District spokeswoman Elaina Polsen told KTRK-TV of Houston the teacher was placed on leave after another student reported the taunt to her mother.

“The student did the right thing and immediately notified an adult regarding the teacher’s comments. The principal at Clear Brook High School notified the child’s parents and has been in communication with the family,” Polsen said.

Pew surveys: Osama Bin Laden, Al Qaeda had been losing support in Muslim world

In the months leading up to Osama bin Laden’s death, a survey of Muslim publics around the world found little support for the al Qaeda leader. Among the six predominantly Muslim nations recently surveyed by the Pew Research Center’s Global Attitudes Project, bin Laden received his highest level of support among Muslims in the Palestinian territories – although even there only 34% said they had confidence in the terrorist leader to do the right thing in world affairs. Minorities of Muslims in Indonesia (26%), Egypt (22%) and Jordan (13%) expressed confidence in bin Laden, while he has almost no support among Turkish (3%) or Lebanese Muslims (1%).

Over time, support for bin Laden has dropped sharply among Muslim publics. Since 2003, the percentage of Muslims voicing confidence in him has declined by 38 points in the Palestinian territories and 33 points in Indonesia. The greatest decline has occurred in Jordan, where 56% of Muslims had confidence in bin Laden in 2003, compared with just 13% in the current poll. Jordanian support for bin Laden fell dramatically (to 24% from 61% the year before) in 2006, following suicide attacks in Amman by al Qaeda. In Pakistan, where 2011 data is still not available, confidence in bin Laden fell from 52% in 2005 to just 18% in last year’s survey.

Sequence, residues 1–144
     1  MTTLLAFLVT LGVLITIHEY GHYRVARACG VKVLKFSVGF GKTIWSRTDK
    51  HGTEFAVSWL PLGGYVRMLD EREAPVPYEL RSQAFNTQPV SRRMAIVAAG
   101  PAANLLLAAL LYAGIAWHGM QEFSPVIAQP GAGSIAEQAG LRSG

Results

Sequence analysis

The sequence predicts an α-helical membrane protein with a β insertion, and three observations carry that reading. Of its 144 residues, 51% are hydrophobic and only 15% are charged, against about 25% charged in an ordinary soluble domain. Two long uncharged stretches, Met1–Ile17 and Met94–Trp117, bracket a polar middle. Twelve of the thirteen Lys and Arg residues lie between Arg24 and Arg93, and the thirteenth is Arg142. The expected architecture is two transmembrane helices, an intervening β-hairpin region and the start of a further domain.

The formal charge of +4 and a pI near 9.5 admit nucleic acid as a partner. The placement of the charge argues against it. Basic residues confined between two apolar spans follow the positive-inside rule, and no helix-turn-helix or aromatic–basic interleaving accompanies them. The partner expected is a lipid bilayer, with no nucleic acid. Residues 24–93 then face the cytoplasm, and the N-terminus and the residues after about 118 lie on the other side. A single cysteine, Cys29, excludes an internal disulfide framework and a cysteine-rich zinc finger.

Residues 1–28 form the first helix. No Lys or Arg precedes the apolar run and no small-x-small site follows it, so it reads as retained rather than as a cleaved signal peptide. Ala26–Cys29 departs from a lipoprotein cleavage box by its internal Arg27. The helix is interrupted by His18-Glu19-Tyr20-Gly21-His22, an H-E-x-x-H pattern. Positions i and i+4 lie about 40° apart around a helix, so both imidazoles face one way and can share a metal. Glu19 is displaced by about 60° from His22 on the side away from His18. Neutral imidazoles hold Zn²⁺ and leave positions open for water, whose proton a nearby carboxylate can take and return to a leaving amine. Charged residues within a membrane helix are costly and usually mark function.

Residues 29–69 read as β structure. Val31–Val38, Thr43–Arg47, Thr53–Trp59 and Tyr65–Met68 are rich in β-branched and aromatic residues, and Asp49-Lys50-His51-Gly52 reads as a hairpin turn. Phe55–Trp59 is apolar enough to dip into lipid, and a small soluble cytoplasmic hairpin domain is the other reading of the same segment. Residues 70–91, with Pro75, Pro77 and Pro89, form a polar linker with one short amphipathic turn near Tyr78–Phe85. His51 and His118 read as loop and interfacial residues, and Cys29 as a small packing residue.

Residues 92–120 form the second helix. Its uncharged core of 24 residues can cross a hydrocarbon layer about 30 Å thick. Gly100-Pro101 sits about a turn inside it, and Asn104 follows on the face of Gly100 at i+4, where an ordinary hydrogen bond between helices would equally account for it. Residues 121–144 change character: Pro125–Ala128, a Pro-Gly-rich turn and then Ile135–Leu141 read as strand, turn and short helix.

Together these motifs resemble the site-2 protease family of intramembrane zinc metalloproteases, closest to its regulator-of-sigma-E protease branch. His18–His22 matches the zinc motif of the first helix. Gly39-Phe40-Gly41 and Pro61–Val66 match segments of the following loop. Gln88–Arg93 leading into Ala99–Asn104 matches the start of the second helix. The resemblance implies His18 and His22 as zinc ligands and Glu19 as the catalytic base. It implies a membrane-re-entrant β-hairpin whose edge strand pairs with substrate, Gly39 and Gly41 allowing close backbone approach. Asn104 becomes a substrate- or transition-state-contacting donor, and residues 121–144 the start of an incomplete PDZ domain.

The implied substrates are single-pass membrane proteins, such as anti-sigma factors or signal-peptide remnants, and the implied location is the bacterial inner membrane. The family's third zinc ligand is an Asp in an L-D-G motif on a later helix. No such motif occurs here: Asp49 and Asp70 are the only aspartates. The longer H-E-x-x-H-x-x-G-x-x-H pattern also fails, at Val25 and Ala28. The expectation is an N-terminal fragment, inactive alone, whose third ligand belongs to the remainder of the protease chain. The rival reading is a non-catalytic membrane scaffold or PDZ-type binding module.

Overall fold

Al Qaeda also received largely negative ratings among Muslim publics in the 2011 survey. Only 2% of Muslims in Lebanon and 5% in Turkey expressed favorable views of al Qaeda. In Jordan, 15% had a positive opinion of al Qaeda, while about one-in-five in Indonesia (22%) and Egypt (21%) shared this view. Palestinian Muslims offered somewhat more positive opinions (28% favorable), but about two-thirds (68%) viewed bin Laden’s organization unfavorably.

Ratings of al Qaeda are, for the most part, unchanged, except in Jordan, where al Qaeda’s favorable rating fell from 34% in 2010 to 15% currently.

As was the case with views of bin Laden, Nigerian Muslims typically offer more positive views of al Qaeda than any other Muslim public surveyed.